Conclusion

          Preoperative poor sleep quality is an independent risk factor for postoperative HA in adult patients undergoing open-heart valve surgery who had no history of smoking.

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          Most cited references 47

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          The Pittsburgh sleep quality index: A new instrument for psychiatric practice and research

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            The meaning and use of the area under a receiver operating characteristic (ROC) curve.

            A representation and interpretation of the area under a receiver operating characteristic (ROC) curve obtained by the "rating" method, or by mathematical predictions based on patient characteristics, is presented. It is shown that in such a setting the area represents the probability that a randomly chosen diseased subject is (correctly) rated or ranked with greater suspicion than a randomly chosen non-diseased subject. Moreover, this probability of a correct ranking is the same quantity that is estimated by the already well-studied nonparametric Wilcoxon statistic. These two relationships are exploited to (a) provide rapid closed-form expressions for the approximate magnitude of the sampling variability, i.e., standard error that one uses to accompany the area under a smoothed ROC curve, (b) guide in determining the size of the sample required to provide a sufficiently reliable estimate of this area, and (c) determine how large sample sizes should be to ensure that one can statistically detect differences in the accuracy of diagnostic techniques.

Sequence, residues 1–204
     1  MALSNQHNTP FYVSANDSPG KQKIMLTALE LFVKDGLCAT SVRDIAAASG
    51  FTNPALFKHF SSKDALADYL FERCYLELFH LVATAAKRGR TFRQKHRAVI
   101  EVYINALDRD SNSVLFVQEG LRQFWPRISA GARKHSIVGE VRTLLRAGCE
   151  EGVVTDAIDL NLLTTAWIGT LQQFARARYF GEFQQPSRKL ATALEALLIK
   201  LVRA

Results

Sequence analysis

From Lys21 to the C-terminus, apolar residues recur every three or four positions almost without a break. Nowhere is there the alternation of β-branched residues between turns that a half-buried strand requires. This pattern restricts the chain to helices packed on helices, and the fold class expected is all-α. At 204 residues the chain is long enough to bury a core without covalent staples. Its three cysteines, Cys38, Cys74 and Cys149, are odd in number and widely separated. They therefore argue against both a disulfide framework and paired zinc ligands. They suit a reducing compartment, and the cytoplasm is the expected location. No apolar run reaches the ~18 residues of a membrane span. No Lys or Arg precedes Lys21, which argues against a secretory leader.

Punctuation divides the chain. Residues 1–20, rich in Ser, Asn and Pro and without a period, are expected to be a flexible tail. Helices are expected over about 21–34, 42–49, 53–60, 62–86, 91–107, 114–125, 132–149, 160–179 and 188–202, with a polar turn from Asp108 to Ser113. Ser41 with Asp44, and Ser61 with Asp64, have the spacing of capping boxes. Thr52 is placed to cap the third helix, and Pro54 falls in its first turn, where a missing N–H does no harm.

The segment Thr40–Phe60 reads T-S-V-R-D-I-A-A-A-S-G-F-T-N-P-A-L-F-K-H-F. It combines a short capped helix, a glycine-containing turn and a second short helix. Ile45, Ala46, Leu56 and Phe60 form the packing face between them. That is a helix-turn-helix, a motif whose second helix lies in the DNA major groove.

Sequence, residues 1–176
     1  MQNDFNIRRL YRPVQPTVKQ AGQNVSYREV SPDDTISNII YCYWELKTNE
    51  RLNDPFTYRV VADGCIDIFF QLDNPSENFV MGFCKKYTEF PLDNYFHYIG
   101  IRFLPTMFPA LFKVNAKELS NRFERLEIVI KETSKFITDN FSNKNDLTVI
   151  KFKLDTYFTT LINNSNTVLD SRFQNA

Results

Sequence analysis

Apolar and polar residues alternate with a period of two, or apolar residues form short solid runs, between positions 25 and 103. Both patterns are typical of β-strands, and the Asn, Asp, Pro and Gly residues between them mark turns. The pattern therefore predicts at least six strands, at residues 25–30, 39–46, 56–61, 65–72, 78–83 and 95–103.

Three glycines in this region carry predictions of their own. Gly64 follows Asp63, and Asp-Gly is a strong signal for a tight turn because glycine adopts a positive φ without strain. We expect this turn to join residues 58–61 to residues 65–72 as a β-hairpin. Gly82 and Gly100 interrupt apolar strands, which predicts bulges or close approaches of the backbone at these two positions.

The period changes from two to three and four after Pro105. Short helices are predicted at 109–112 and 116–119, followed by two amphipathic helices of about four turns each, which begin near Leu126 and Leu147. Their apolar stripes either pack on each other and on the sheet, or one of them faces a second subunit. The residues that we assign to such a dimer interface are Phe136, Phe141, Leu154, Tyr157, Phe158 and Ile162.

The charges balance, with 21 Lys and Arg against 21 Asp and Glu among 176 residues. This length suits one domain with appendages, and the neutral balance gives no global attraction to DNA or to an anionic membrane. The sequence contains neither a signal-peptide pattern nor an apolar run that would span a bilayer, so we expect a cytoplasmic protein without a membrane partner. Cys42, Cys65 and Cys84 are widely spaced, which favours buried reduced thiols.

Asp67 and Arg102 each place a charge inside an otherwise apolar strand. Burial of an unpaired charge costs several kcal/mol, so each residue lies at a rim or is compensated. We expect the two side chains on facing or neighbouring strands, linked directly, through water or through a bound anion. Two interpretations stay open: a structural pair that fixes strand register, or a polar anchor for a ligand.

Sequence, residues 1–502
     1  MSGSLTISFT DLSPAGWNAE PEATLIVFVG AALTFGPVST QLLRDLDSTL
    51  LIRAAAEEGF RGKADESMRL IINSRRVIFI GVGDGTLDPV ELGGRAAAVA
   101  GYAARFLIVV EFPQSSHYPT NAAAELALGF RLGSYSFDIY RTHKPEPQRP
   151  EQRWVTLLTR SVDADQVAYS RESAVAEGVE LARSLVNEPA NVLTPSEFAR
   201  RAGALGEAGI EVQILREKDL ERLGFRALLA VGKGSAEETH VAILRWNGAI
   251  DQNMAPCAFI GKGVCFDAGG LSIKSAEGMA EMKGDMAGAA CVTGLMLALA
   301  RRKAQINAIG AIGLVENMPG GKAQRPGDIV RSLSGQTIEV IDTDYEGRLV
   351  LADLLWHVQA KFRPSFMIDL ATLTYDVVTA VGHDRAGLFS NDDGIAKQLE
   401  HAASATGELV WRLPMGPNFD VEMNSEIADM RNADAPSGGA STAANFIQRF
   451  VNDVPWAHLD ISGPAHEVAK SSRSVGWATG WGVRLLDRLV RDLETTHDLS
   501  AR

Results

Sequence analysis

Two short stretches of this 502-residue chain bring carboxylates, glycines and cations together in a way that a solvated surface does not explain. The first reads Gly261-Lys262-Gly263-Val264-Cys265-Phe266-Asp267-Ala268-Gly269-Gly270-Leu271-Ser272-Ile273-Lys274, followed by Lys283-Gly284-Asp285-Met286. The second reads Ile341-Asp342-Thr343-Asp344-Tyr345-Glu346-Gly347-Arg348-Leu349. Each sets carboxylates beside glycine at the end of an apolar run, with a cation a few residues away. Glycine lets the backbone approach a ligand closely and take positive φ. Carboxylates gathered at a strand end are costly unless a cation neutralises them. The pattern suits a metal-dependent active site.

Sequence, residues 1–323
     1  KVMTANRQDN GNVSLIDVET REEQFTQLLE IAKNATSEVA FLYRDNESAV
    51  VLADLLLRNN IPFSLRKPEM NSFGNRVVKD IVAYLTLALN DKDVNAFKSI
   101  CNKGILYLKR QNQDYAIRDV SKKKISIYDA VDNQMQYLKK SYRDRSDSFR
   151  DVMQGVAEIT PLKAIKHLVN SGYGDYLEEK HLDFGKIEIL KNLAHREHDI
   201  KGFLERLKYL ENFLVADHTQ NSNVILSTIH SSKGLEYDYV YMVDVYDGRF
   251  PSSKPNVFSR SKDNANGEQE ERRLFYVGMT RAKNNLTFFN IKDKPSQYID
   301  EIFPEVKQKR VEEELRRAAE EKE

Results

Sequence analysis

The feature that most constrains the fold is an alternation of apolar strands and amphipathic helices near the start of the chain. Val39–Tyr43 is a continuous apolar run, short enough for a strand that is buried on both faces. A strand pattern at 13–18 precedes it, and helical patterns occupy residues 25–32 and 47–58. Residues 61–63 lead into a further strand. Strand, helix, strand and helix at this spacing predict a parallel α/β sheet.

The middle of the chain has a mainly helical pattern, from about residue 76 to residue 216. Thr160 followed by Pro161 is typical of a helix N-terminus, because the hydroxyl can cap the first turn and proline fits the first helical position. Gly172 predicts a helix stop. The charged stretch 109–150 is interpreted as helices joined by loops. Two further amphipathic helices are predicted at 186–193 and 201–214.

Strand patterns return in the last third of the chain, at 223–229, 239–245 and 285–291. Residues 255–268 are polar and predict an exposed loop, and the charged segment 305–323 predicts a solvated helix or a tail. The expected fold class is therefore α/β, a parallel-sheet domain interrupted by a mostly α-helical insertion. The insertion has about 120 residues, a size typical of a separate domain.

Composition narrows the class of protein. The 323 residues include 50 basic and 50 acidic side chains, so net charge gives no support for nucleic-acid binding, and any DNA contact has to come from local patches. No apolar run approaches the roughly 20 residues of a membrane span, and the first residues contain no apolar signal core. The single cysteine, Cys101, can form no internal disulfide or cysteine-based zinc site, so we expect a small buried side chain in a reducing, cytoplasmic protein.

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              Validation of a verbally administered numerical rating scale of acute pain for use in the emergency department.